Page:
February 13, 2013
Article By: William Dorsey
Contact Us With Your Divorce and Alimony Law Questions.
Fiscally shrewd ex-spouses know that a world of difference can exist between characterizing a payment as alimony, as opposed to child support, when tax time comes around. That’s because periodic alimony payments are usually income tax deductible, while child support payments are not. The Internal Revenue Service, however, has a menagerie of requirements you must meet in order to qualify for the alimony deduction.
First, the payment you make must be pursuant to a divorce or settlement agreement that is contained in written form. Additionally, you and your spouse must be completely separated from each other. This means you must live in separate residences, and must not file a joint federal income tax return. If you still live together, the IRS may contend that the money is actually paying for your share of the household expenses (such as utility bills,) and disallow the deduction.
Also, the payment must be monetary – either cash or check. The payment must indicate that it is for alimony or spousal maintenance, and is to your ex-spouse or for her benefit. Giving your ex-spouse property (such as a car), does not constitute alimony in the IRS’s view. However, you can pay her bills for her. As long as it is a cash or check, for her benefit, you can pay her mortgage bill, her education tuition, her medical expenses, her taxes or the premiums on a life insurance policy she owns. To ensure this approach is deductible, your ex-spouse needs to send you a written document informing you that she would like you pay a certain a certain third party (or parties,) and that the payment is in place of paying her directly.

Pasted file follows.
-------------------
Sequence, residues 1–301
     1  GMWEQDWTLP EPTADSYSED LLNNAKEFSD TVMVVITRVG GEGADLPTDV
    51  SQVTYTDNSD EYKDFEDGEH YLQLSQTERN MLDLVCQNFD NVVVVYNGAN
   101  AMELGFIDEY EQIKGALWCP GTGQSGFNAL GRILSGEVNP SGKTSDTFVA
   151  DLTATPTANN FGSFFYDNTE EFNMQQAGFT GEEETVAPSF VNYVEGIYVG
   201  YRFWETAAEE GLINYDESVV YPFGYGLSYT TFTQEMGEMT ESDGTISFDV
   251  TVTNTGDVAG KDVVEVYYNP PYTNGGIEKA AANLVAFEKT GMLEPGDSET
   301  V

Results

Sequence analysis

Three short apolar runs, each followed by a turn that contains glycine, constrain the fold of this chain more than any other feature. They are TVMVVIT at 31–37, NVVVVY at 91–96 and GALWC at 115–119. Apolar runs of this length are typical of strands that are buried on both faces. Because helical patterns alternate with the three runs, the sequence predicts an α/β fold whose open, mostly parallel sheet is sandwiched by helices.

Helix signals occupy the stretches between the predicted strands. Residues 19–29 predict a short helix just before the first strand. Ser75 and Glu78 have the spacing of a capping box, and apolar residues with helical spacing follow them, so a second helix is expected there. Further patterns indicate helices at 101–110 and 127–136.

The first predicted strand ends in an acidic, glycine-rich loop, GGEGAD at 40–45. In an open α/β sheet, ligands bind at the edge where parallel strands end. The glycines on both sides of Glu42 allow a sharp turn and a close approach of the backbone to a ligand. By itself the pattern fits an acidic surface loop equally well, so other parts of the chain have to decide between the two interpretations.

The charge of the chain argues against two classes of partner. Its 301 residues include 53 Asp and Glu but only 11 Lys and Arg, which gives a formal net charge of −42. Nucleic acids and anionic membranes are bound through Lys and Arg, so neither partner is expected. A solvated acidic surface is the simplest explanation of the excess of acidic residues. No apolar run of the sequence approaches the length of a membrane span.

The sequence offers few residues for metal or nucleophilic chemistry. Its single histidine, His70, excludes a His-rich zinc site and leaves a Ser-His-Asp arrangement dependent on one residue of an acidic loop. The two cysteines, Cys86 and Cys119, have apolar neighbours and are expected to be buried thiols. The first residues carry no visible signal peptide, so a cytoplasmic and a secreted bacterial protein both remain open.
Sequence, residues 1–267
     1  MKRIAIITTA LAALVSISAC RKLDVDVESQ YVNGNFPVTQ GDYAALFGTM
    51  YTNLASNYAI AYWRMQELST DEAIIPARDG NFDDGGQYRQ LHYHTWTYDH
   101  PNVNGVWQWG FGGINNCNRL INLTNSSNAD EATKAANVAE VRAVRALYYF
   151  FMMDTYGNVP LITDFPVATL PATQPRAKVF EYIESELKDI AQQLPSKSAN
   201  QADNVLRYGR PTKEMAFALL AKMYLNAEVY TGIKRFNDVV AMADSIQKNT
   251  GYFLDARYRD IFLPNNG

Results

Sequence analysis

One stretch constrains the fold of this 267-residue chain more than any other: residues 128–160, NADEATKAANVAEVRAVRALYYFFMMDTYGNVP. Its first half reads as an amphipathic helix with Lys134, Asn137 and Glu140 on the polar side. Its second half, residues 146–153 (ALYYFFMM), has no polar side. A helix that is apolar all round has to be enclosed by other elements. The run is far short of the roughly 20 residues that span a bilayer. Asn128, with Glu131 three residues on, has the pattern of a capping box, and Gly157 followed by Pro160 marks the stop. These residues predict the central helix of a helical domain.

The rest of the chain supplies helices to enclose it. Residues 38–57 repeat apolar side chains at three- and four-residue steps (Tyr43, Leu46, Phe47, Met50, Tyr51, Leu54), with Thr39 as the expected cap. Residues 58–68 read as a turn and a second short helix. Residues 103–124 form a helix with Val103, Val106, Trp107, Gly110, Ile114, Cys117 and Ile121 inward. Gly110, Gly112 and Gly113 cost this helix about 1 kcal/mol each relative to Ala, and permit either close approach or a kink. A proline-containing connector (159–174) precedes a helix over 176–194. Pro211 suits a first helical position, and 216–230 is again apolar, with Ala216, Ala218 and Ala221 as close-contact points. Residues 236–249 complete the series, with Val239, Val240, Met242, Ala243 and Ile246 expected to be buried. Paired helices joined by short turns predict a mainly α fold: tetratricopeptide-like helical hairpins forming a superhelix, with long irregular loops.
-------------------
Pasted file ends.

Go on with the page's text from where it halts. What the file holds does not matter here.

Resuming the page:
Payments made on a property may or may not be deductible as alimony. If you allow your ex-spouse to live in a property you own, neither your mortgage payments on that property, nor your lost rental income, constitutes alimony. However, if you and your ex co-own a property, and you pay the full mortgage payment on that property, you may deduct half of those payments as alimony.
Make sure your payments are not designated as child support or tied to events in your children’s lives. The documents must state that the payments end upon your spouse’s death. As an example, if your arrangement says you must pay your ex-spouse $6,000 per month, until your child turns 18, then $2,000 each month thereafter, the IRS will view only $24,000 of the annual payments as alimony, and will deem the other $48,000 you paid each year as non-deductible child support. Note that the IRS can go back and re-classify past alimony as child support, retroactively disallow the deductions, and declare that you owe back taxes.
Furthermore, be careful about “front-loading,” or paying extremely large amounts in the first months or years of the arrangement. Section 71 of the Internal Revenue Code prohibits front-loading alimony payments in the first three years after you and your spouse separate. The reason for this rule is to prevent taxpayers from hiding property settlement payments under the guise of alimony.